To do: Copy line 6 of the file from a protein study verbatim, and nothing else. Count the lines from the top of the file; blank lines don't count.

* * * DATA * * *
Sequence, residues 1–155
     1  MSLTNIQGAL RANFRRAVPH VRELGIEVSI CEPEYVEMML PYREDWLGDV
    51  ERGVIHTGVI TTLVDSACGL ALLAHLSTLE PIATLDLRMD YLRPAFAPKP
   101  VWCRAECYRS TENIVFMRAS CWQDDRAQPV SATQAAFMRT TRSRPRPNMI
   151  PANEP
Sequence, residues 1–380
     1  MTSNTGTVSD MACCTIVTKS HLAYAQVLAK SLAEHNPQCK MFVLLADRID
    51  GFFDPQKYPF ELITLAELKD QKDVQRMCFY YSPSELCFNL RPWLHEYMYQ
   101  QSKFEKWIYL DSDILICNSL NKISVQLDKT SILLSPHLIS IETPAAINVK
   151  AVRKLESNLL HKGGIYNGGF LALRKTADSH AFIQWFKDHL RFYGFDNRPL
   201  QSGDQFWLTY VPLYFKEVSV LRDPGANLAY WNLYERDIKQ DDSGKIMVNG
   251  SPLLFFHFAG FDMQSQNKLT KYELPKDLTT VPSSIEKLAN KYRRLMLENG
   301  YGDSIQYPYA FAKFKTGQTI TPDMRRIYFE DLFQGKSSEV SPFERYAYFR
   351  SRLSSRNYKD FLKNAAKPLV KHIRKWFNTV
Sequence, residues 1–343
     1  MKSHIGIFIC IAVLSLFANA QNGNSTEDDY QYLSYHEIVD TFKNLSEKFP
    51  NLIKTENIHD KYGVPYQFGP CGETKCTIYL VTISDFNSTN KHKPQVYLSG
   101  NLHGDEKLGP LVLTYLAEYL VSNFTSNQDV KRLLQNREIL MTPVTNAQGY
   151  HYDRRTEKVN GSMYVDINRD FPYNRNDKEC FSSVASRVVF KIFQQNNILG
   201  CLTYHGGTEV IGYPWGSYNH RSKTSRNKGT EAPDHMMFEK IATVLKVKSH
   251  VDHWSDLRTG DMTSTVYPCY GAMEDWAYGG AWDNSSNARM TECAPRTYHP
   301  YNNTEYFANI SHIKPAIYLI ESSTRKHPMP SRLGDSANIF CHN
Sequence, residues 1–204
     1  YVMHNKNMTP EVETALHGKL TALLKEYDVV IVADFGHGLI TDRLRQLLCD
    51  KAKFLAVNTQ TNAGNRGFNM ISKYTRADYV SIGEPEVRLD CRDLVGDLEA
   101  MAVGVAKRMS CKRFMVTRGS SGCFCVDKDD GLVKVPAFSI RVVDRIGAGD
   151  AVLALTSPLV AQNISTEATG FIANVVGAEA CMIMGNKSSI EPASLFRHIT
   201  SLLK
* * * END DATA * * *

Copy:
Sequence, residues 1–380